When, time after time, Kelly Heresy defended against the “you must push power and vote” formula with the “greedy corporate funding runs everything” formula I wanted to scream out: “Lenin would agree!” Roosevelt was not funded in the same way that Obama was funded, but this matters little. Lenin says that the “real essence of bourgeois parliamentarism” is “to decide once every few years which member of the ruling class is to misrepresent the people” (The State and Revolution). This can be applied to Roosevelt as much as to Obama — Roosevelt and his class had something to fear, the radical left. Obama and his class have no such fears, OWS has not been able to shut down entire cities while keeping people fed and orderly. Kazin sees that time and time again concessions have resulted from this process — since the left has been able to get something it has been successful, and must do this and only this. OWS, by comparison, seems to hold history open.

In the Q&A I introduced myself as “an economics major at Baruch and a Marxist.”  My comment to the panel, and question, was almost word for word this — “I see two lefts here. The first left had at one point theorized about why the world is as it is and how it could be changed.  It now declares to us that the revolution is impossible, that the best we can do is little changes.  The other Left, in a very embryonic form, is thinking about systems and how they can actually be changed.  We have been pushing Obama for the last 150 years.  We are here, with some of the greatest inequality ever.  I could go on.  Is the pushing of Obama a viable strategy for meaningful change?”

To complete the paradigm: the historian Kazin did not understand the pun. Obama is not 150 years old, he pointed out. We must push the Democratic Party, not Obama.  The OWS organizer had no difficulty in seeing what I meant by the “Two Lefts.”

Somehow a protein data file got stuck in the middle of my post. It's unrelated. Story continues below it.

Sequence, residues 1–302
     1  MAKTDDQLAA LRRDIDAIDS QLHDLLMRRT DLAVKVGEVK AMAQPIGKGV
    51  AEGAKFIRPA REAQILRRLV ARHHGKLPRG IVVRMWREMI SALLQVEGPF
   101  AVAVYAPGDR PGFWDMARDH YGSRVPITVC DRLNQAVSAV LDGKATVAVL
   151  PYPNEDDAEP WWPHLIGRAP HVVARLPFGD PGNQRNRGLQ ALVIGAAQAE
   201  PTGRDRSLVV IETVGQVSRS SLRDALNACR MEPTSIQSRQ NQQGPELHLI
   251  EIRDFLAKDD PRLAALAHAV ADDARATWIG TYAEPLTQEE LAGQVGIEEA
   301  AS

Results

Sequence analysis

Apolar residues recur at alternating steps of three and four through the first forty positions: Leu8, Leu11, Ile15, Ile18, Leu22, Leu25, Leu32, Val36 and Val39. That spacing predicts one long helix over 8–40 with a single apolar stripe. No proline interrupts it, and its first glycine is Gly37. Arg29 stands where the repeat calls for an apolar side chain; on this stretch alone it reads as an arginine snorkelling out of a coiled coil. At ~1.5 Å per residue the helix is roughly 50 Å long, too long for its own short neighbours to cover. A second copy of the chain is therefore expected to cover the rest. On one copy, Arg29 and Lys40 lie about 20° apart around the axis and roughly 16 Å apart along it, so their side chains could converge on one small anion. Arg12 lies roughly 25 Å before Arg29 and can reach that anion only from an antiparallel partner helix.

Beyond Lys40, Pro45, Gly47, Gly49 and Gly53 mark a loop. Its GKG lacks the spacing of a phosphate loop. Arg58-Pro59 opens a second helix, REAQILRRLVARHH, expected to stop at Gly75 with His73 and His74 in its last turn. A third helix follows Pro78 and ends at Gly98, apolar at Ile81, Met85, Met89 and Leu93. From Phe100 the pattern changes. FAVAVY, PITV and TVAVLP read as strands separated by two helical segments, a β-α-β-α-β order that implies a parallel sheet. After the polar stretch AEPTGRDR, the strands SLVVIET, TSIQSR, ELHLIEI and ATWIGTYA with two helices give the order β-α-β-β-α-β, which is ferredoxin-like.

Seeing the General Assembly of OWS later that day forces me to add to my comments here — OWS seems to believe that the revolution has already been achieved, that the task now is to spread it to more places, occupation is revolution.  They have constituted a new society already.  But what is to become of them, of this movement, is at least more open-ended than the world of Kazin, in which the power as it is cannot be challenged or replaced, period.

Radical Bourgeois Philosophy Summer Reading Group

I am eagerly looking forward to the Platypus Affiliated Society’s New York chapter reading group for the summer, which will focus on “Radical Bourgeois Philosophy.”  Having already completed the main readings that lay the theoretical foundation for the group’s political outlook, I feel it will be profitable to better acquaint myself with the texts of classical liberalism and political economy.  Marxists, in their rejection of liberal democracy and bourgeois ideology, all-too-often forget the genuinely progressive legacy of liberalism and the revolutionary role played by the bourgeoisie in history.  This legacy is nowhere better illustrated than in the texts of some of their foremost thinkers — Locke, Hume, Voltaire, Rousseau, Smith, Kant, Hegel, Ricardo, and Nietzsche.  Marx’s own deep, if critical, respect for these thinkers (minus Nietzsche, who came later) cannot be ignored.

The following is the reading list and schedule for film screenings related to the subject:

Reading group and History of Humanity Film Screenings & Lectures

Eric Hobsbawm, The Age of Revolution 1789–1848 [PDF]

June 26 – August 21
New York University Puck Building
295 Lafayette St. 4th floor

We will address the greater context for Marx and Marxism through the issue of bourgeois radicalism in philosophy in the 18th and 19th Centuries. Discussion will emerge by working through the development from Kant and Hegel to Nietzsche, but also by reference to the Rousseauian aftermath, and the emergence of the modern society of capital, as registered by liberals such as Adam Smith and Benjamin Constant.